Vancouver International Film Festival 2004—Part 1

Asian films and Asian life

The Vancouver film festival, taking place in a city perched on the Pacific Ocean, makes something of a specialty of screening East Asian films. That is all to the good. Every glimpse provided North American audiences into the lives, problems and thinking of peoples around the world, including their artistic circles, is a blow against provincialism and narrowness. It could probably be demonstrated by careful research that the exposure of young people in particular of a given city to international cinema has a generally civilizing and humanizing effect. How could it not?

This year the Vancouver festival presented dozens of features, mid-length films and shorts from eleven East Asian nations or “city-states” (Cambodia, China, Hong Kong, Indonesia, Japan, Malaysia, Philippines, Singapore, South Korea, Taiwan and Thailand).

A quarter of a century ago “East Asian cinema,” at least to Western audiences, would have meant Japanese filmmaking, already in decline, and very little else. In China the artistic community remained silent or traumatized under the Beijing Stalinist bureaucracy. The populations in South Korea and Taiwan suffered at the hands of brutal, US-backed authoritarian regimes. Hong Kong was known largely for its martial arts films. Films from Thailand, Malaysia, Vietnam, Singapore or Indonesia were virtually unheard of.

In the two-volume Cinema: A Critical Dictionary—The Major Filmmakers, edited by Richard Roud and published in 1980, for example, treatment of Asian filmmaking consists of six articles devoted to individual Japanese directors (Kurosawa, Mizoguchi, Ozu, Naruse, Ichikawa and Teinosuke Kinugasa), one entitled “Nagisa Oshima and Japanese Cinema in the 60s” and a short piece on “Hong Kong Cinema” by Tony Rayns (presently the East Asian film programmer at the Vancouver festival).

In his essay Rayns refers to mainland Chinese film production “having dwindled under Mao and almost halted since the 1967 ‘cultural revolution,’” and to filmmaking in Singapore and Taiwan as offshoots of the Hong Kong industry.

A great deal has changed, and not simply in the film world. The revolution in Asian filmmaking is a reflection, in the final analysis, of the revolution in Asian life.

The expansion of the Asian Pacific economies is one of the most striking features of the past several decades. The Asian share (including Japan) of world Gross Domestic Product (GDP) stood at about 13 percent in 1960; by 2002 it had reached 25 percent, according to the World Bank’s “World Development Indicators.” The exclusively East Asian share in global trade increased from 14.1 percent in 1953 to 24.1 percent in 2002.

While the US accounts for close to 22 percent of the world GDP, reports the International Monetary Fund, based on “Purchasing-Power-Parity,” China now accounts for 13 percent, a 270 percent increase since 1980. China is now the world’s third largest trading nation and the number one destination of foreign direct investment. Taiwan, Indonesia and Thailand combined possess a greater share of the world’s GDP than the UK, the great power of the nineteenth and early twentieth centuries.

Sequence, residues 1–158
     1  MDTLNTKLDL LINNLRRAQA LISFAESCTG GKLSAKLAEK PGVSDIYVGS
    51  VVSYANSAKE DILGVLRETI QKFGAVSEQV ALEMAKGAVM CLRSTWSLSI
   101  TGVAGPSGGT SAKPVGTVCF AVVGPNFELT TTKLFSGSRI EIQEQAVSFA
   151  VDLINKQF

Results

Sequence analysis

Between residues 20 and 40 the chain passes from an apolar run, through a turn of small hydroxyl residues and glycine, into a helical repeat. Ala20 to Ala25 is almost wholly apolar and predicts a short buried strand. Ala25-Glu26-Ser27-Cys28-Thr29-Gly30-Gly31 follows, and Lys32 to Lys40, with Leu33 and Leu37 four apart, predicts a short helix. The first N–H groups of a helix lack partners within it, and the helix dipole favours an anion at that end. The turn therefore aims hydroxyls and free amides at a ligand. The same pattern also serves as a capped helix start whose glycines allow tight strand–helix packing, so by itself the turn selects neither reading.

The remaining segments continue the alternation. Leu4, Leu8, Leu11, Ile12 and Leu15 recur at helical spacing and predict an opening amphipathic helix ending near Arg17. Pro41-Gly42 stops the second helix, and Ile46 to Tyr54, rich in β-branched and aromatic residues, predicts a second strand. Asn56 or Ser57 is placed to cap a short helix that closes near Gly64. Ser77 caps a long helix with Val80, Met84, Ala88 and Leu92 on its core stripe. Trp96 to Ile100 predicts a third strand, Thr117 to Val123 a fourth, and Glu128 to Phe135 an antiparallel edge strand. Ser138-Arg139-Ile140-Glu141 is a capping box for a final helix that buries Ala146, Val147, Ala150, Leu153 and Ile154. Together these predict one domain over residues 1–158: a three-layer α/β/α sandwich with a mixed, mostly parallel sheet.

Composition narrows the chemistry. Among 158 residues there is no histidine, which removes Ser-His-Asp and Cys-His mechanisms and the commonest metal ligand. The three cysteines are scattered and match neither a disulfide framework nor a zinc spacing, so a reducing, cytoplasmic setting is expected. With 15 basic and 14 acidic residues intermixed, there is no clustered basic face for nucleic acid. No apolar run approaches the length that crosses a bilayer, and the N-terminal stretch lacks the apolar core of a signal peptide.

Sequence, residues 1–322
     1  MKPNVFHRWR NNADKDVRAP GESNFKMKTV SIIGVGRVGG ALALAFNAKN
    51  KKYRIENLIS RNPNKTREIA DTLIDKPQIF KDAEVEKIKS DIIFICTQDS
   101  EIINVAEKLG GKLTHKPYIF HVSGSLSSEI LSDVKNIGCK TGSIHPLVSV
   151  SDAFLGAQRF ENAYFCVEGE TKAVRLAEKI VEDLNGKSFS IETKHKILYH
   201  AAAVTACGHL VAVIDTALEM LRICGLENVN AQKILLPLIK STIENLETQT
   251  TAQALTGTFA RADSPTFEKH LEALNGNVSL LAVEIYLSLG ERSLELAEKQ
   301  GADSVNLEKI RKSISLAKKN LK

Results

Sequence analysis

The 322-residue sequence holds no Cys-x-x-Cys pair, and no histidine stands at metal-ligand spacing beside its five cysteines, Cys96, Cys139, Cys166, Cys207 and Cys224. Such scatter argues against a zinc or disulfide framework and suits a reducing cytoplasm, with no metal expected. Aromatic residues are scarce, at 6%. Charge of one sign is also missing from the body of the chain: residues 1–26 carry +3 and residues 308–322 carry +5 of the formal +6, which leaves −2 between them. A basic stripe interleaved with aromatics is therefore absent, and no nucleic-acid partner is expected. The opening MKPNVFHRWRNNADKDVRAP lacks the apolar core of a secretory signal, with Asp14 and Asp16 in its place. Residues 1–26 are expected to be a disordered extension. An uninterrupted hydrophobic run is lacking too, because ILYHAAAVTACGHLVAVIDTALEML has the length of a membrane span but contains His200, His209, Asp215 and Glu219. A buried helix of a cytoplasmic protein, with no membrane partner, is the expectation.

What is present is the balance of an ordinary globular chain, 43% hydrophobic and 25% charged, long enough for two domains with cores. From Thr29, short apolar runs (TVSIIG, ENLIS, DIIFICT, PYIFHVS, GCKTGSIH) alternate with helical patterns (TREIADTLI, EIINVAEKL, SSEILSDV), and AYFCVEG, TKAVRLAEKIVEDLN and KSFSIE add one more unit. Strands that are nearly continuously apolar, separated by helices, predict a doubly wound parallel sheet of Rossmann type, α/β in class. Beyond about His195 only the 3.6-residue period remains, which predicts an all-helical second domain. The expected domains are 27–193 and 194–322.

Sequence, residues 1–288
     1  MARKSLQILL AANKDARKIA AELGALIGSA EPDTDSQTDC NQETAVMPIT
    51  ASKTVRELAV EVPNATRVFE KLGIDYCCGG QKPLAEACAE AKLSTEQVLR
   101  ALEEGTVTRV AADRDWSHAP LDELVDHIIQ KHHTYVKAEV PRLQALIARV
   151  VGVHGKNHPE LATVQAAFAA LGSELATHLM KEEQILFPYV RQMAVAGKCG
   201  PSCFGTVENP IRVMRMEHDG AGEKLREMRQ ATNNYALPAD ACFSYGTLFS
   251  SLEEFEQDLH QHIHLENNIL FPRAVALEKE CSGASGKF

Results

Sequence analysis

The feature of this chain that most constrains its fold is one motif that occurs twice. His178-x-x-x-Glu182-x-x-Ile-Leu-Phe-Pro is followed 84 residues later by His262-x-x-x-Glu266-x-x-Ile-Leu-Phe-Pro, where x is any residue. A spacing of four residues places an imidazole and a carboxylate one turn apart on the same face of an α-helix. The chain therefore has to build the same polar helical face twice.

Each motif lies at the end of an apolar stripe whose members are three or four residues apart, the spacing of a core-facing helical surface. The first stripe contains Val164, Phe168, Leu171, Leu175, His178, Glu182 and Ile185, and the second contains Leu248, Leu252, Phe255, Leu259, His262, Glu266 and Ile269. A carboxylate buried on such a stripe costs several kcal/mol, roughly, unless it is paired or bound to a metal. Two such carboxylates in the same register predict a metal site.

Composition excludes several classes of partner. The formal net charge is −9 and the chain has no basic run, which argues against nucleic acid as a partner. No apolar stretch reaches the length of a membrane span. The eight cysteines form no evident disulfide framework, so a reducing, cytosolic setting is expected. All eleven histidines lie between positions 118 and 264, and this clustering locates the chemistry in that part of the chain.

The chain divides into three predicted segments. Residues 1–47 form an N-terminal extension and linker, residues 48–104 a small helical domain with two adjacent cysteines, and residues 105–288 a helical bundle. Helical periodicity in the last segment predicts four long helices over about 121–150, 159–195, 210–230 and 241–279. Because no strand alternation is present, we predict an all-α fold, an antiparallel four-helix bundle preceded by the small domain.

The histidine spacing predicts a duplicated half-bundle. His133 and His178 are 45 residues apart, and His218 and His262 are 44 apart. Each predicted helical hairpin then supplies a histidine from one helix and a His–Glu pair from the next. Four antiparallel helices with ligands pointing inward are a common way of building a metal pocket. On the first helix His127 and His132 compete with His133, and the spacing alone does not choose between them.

The expansion of these economies has meant a massive growth of the working class and the big cities. Predominantly peasant populations in some cases have been urbanized, herded into factories, every aspect of their lives turned upside down. The most modern industrial and communications technology has been introduced into countries whose state systems still possess semi-feudal vestiges.

All this has produced explosive social contradictions, including a vast chasm between the wealthy elites and the mass of the population. The Asian “economic miracle” was only made possible by ruthless exploitation of the working population, defended in many cases by military-police dictatorships or regimes that are democratic in name only. More than 700 million people in Asia and the Pacific survive on less than $1 a day, nearly two billion on less than $2 a day. Social upheavals lie ahead.

If the evolution of art is determined by the evolution of the world, then these extraordinary changes had to find expression in cinema. The turbulence of the past several decades stirred up the boldest artistic minds in the region, gave them confidence and directed them toward examining life. The speed and dimensions of the developments, combined with inevitable ideological confusion (generated by Maoism and Stalinism in particular), meant that the filmmakers’ strong point has not been social analysis as such, but concrete, astonishingly fresh pictures of everyday life.

Especially in the expanding cities. Above all, one gets a sense of the taste and rhythm of life in Taipei, Seoul and Beijing, and the other great urban centers. In many cases the artists were treating aspects of life that had never appeared in feature films before. One recalls elaborately detailed scenes, choreographed with obvious enthusiasm and delight, of meals, drinking, card-playing; portraits of family life, of work, of the petty criminal milieu. The filmmakers brought sensuously to life the irrepressible energy of the youth and the poor, the rapacity of the nouveau riche, the alienation and loneliness of the big cities, the collision of archaic traditions—with their hint of a more secure, collective existence—and lives conducted on cell-phone, fax machine and laptop computer.